We really like PCMark 7's Secondary Storage benchmark module for its pseudo real-world application measurement approach to testing. PCMark 7 offers a trace-based measurement of system response times under various scripted workloads of traditional client / desktop system operation. From simple application start-up performance, to data streaming from a drive in a game engine, and video editing with Windows Movie Maker, we feel more comfortable that these tests reasonably illustrate the performance profile of SSDs in an end-user / consumer PC usage model, more so than a purely synthetic transfer test.
Since this is a real-world test, the results depend on more than sheer bandwidth or anything else. We certainly cannot say the 5100 Series drives put up a poor score here, but it is not chart topping. Again, these drives are not intended to meet consumer demands. They are built for reliability and to meet the diverse demands of the datacenter. Thus, while the performance and capacities are nice, there are likely more suitable options for a home PC.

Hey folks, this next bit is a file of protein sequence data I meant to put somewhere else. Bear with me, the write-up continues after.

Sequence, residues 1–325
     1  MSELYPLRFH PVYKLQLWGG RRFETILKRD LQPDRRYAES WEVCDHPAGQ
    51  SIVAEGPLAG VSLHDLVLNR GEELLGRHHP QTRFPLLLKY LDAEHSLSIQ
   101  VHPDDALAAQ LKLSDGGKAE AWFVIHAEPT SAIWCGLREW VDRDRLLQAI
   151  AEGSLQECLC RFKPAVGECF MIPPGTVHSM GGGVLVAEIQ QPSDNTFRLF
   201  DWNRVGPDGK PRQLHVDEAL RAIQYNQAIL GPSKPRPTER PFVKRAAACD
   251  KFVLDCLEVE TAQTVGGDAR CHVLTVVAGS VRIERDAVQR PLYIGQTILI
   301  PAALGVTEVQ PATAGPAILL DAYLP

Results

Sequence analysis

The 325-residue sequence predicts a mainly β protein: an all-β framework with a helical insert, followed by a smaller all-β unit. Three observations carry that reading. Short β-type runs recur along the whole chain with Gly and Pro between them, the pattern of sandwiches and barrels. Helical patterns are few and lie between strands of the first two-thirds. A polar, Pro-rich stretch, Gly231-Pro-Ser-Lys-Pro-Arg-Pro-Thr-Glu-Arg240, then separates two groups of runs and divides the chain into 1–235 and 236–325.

We have also begun testing with PCMark 8. PCMark 8 uses updated real-world scenarios to improve upon PCMark 7’s offerings and provide a more realistic spread of modern storage demands. PCMark 8 incorporates a couple popular gaming titles, World of Warcraft and Battlefield 3, along with pieces of the Adobe Creative Cloud and Microsoft Office suites which reflect everyday use cases.
While we do not have any results to compare with yet, we do see that both 5100 Series siblings are very equally matched for performance in regular usage. Keep in mind, of course, that the 5100 MAX is rated for significantly higher write endurance than the 5100 ECO.